“I will turn my rams in about now, and as long as it doesn’t get too hot, too quick they will breed,” he said. “I love to lamb from about Thanksgiving to Christmas. If I can get my lambs on the ground before the first of the year and it gets really cold, they are pretty resilient. Instead of lambing in the spring, this allows me to provide silage to the ewes while they are milking. Instead of getting sucked down and losing weight, they stay in good shape and it gives the lambs a good start.”
He added lambing in November and December, opposed to the spring, also gives him additional time to grow his rams and offer them at different times of the year than other growers.
Animals not developing up to Brad’s standards, or failing to thrive, are typically sold at an alternative livestock market, or the local sale barn.
“If they don’t have a full-body, that spring of rib, the depth or a good set of feet and legs, or if they are shorter and different from everything else, they are culled,” he said.
A ewe’s first two lambings, generally, produce singles, then twins thereafter. Triples are not uncommon, and the smaller lamb is pulled and fed on the bottle. Orphaned lambs are reared by the Shockley family, much to the delight of his young daughters, but are not retained.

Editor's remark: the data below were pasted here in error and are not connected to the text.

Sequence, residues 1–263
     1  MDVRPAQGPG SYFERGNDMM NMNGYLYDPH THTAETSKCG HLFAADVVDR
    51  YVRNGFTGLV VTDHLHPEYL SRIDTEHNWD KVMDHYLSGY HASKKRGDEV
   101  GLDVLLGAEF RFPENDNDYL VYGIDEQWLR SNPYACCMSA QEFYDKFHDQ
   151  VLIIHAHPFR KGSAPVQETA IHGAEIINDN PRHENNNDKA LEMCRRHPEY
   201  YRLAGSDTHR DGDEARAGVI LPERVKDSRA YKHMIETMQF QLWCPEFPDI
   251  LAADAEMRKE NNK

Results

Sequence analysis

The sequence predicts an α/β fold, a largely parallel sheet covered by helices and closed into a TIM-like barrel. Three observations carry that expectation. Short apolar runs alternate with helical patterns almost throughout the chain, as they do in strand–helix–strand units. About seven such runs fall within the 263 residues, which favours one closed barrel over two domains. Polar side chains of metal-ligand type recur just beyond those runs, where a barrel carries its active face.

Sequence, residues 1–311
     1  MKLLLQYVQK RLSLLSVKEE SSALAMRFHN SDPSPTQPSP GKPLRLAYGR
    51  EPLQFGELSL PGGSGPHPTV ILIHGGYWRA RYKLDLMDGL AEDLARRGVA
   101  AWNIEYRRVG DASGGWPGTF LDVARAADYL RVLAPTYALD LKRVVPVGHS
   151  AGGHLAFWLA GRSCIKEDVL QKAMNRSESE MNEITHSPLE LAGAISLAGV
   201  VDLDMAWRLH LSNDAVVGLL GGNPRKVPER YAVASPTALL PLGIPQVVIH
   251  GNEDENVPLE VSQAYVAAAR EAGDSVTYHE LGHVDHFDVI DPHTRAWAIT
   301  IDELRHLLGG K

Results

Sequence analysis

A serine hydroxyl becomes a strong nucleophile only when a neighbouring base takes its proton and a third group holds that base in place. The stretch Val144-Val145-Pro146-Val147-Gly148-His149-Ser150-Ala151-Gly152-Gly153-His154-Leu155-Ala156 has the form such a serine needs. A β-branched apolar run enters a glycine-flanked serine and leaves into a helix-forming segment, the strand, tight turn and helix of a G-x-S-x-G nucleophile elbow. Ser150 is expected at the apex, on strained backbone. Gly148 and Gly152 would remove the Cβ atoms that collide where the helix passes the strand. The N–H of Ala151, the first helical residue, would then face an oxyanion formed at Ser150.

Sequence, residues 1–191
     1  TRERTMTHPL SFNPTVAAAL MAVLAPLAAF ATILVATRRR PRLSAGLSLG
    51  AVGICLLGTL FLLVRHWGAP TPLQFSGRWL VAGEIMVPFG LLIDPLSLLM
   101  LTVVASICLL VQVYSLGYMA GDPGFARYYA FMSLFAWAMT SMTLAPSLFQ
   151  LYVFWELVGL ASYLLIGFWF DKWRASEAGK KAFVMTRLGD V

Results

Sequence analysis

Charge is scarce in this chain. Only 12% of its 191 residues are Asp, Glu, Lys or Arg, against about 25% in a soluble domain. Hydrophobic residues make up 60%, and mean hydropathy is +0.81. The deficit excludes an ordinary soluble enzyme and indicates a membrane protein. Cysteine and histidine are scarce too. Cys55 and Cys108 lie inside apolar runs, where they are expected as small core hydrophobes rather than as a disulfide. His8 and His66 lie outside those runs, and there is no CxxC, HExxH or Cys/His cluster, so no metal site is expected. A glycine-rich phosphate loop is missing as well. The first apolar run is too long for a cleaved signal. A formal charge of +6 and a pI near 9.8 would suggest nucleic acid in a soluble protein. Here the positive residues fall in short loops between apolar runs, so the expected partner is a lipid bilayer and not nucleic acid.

Ewe lambs are retained for future breeding, replacing older, unproductive ewes in the flock. Ewes are placed into the breeding flock at about 8 months of age.
“Every year, we should be getting better and producing better genetics,” Brad said. “The intention is to have higher-quality sheep, so the younger generation should have better genetics, if I’m doing my job right, and should be better than the older stock.”
He produces his own breeding rams as well, but is careful not to use a male as a stud ram until 3 years of age.
“They will breed as young as 9 months, but it will stunt their growth,” he said adding one of his Black Hawaiian rams should have larger base development. “I used him when he was about a year old for breeding, instead of focusing on growing, so he didn’t grow out like he had the potential.”
The addition of the Texas Dahls and the Black Hawaiian sheep was a way Brad to add diversity to his farming operation, and provide an in-demand product.
“I looked at it from a perspective of I love to farm; it doesn’t matter what kind of farming,” Brad said. “Forages and hay are probably my favorite things, and I enjoy the cattle as well, but when you look at the financial aspect of it and the rising land cost, which is only going to get worse, it’s a challenge to be able to make farming financial feasible. When you sit down and put pen to paper, it makes sense.
“In Southwest Missouri, we say 2 1/2 acres or 3 to 3 1/2 acres for a cow. You can run seven ewes on what you can run a cow on. I love the cattle industry and regardless if it’s my sheep, my cattle or anything else, you have to have your pasture and hay correct. I think the biggest mistake producers in Southwest Missouri make, regardless of what they are producing, is the quality of their forages is not up to par. Problems they are having and the lack of profitability can be traced back to forages.”